Peter - To identify these you would need an actual ant (easy enough to get, I would think) and a low-power microscope, my own researches becoming lost in the myriad of possibilities. Lindell kindly referred me to a Queensland website with a picture of a rather similar ‘Rattle Ant’ or ‘Dome-backed Spiny Ant’, but Elizabeth’s ants do not have the obvious dome of the thorax, but rather a flattish shield. There is an interesting website, ‘Antwiki’, which offers among other things a ‘Key to Australian Genera of Formicinae’ . This is where your dead ant and microscope would be needed. My own photos were not aimed at any particular part of the ant, and it is to a very specific part or parts that your investigation must be directed. The first step in applying the key involves counting the segments of the antennae. It is critical whether there are ’10 or 11 segments (including the scape)’ or ‘12 segments (including the scape)’. Now consider the below photographs. I am of the clear opinion there are 11 or 12 segments. At a stretch, the segments are countable, but one quickly runs into the difficulty of the ‘scape’. This might be something that an entomologist thinks is within the comprehension of any fool, but I am reluctant to start hunting for a glossary that will be needed more than once in the application of the key.
The all-important ‘scape’ comes up more than once in your journey through the key, including whether it has hairs. To cut this short, my own suspicion is that the subject ants are members of one of the following genera: Polyrhachis, Oecophylla, or Camponotus, the final diagnosis depending largely on the number of teeth on the mandible, and whether, for example, the fourth tooth is longer than the third and fifth teeth. Without going into the potential impact of these species in the home garden (or home) I will just mention that Camponotus is also known as the Carpenter Ant and can, allegedly, cause structural damage in timber work.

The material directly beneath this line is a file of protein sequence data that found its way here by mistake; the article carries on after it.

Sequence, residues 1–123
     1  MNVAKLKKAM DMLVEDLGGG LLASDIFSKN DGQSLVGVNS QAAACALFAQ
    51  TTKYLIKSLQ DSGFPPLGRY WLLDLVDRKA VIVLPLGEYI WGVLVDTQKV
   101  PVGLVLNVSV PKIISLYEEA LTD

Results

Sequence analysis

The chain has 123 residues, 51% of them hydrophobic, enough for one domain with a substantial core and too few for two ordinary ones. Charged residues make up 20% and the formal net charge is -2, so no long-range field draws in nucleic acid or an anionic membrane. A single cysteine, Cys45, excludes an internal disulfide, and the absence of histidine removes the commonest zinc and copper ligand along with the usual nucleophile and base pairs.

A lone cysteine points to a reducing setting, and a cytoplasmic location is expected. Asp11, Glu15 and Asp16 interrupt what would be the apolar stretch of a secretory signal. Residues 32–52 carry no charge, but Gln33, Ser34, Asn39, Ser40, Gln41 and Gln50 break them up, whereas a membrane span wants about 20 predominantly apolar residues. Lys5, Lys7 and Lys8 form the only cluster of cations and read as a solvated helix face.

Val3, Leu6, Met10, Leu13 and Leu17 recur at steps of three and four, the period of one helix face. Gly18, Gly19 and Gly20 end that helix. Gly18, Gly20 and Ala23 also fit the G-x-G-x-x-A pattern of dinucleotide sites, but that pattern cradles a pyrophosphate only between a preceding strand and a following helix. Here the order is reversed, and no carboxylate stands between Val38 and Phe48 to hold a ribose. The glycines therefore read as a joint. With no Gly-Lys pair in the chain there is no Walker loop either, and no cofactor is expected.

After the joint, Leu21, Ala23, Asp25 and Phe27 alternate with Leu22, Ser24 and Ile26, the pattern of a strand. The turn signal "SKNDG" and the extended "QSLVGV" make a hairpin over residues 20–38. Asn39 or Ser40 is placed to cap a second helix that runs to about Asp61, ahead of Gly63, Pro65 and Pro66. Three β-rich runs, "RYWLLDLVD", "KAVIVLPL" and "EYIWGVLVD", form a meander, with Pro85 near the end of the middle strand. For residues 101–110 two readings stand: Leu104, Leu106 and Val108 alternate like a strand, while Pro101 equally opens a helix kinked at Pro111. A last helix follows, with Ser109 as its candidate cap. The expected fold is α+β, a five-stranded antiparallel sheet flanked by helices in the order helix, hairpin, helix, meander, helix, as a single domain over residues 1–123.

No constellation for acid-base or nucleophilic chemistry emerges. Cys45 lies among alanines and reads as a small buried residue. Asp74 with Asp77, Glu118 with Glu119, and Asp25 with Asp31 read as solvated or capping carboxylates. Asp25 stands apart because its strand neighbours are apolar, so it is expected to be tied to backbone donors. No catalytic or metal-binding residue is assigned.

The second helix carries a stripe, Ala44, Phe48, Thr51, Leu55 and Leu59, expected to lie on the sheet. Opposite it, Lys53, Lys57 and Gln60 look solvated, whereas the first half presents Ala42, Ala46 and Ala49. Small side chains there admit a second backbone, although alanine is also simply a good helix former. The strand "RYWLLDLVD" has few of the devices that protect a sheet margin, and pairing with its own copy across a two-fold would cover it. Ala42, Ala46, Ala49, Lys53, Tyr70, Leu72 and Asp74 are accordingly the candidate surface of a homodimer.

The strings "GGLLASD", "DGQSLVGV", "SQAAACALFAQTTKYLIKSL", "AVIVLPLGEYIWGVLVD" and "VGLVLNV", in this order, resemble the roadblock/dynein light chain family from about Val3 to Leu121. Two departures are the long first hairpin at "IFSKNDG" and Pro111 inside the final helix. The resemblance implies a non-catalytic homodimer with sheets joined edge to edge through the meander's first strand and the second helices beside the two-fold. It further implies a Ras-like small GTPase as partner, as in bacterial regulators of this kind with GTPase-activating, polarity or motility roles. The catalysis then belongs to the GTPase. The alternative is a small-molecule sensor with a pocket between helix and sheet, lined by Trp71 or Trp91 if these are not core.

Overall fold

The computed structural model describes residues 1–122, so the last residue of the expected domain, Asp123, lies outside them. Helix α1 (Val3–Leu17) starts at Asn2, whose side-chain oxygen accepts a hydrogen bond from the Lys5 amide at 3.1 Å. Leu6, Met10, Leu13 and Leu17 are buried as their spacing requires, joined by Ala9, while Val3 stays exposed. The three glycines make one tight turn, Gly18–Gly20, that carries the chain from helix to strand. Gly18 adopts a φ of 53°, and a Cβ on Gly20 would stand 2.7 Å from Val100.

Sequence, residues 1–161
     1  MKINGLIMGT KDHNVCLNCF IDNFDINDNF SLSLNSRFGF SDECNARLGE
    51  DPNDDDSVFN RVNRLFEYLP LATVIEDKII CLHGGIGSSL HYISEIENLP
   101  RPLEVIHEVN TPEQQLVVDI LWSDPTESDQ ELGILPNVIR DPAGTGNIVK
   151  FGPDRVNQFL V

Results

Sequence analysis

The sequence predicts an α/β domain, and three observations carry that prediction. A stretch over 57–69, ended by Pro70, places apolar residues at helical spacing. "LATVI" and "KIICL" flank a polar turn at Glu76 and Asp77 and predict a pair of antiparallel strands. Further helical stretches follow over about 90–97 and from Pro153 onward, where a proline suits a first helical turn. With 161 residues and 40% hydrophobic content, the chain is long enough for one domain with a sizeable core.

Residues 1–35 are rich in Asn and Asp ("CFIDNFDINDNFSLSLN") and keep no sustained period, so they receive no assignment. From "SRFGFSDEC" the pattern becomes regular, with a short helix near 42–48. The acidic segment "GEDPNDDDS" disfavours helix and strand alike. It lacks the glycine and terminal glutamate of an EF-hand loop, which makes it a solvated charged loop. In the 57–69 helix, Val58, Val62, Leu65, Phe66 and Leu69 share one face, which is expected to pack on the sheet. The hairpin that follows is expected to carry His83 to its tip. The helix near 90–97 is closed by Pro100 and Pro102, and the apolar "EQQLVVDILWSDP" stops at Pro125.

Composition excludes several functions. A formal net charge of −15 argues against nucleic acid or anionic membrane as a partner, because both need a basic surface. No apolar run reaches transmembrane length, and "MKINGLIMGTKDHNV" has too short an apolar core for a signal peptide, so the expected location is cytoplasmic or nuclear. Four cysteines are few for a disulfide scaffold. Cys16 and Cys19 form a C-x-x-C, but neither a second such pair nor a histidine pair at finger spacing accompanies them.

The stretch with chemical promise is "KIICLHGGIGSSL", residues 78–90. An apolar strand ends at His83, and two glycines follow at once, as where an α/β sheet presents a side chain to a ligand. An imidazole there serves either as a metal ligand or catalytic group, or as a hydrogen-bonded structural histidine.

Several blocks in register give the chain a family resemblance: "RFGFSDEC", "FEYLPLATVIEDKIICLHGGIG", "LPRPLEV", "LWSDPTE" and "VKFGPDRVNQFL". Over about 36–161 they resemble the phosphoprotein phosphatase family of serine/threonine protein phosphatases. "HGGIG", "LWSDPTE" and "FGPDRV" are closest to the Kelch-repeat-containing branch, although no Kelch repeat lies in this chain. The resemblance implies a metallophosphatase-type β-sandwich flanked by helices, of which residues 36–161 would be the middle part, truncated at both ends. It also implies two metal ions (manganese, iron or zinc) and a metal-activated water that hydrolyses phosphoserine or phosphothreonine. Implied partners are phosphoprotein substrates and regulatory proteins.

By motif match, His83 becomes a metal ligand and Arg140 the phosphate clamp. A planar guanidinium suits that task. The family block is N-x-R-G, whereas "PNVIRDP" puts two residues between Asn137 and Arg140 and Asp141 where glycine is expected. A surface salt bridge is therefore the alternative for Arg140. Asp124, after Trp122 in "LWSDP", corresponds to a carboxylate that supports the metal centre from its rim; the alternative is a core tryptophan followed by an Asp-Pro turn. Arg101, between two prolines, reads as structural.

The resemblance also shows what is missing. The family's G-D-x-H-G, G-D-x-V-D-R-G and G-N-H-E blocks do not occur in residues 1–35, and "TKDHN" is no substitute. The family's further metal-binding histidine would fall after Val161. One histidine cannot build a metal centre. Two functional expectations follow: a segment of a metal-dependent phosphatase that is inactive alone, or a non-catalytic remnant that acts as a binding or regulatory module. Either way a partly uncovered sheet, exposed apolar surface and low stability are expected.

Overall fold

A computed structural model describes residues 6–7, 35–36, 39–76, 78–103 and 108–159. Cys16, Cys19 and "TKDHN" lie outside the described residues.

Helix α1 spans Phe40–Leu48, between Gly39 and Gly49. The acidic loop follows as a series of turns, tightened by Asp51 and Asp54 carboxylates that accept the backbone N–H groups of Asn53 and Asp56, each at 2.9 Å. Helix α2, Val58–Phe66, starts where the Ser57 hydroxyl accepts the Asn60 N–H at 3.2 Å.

From: Peter Ormay [
Sent: Wednesday, 28 May 2014 9:53 AM
To: 'Geoffrey Dabb';
Subject: RE: [canberrabirds] ACT Fat-bummed Cactus Ant
I suggest they be positively identified in case they are an introduced species and could become a pest.
This afternoon, Elizabeth Compston of Wells Gardens, valued member of this chatline and tireless advocate of name-tag wearing, asked me to photograph some unusual small ants she had discovered in her cactus garden. The ants appeared to have made a coffee-cup-size nest of fine plant material, matted together, at the base of a cactus plant, They were about 3mm long excluding antennae. Most (not all) had an unusually large abdomen by comparison with the normal run of picnic ant. I said to Elizabeth: “Someone is bound to know about these chaps” … (?)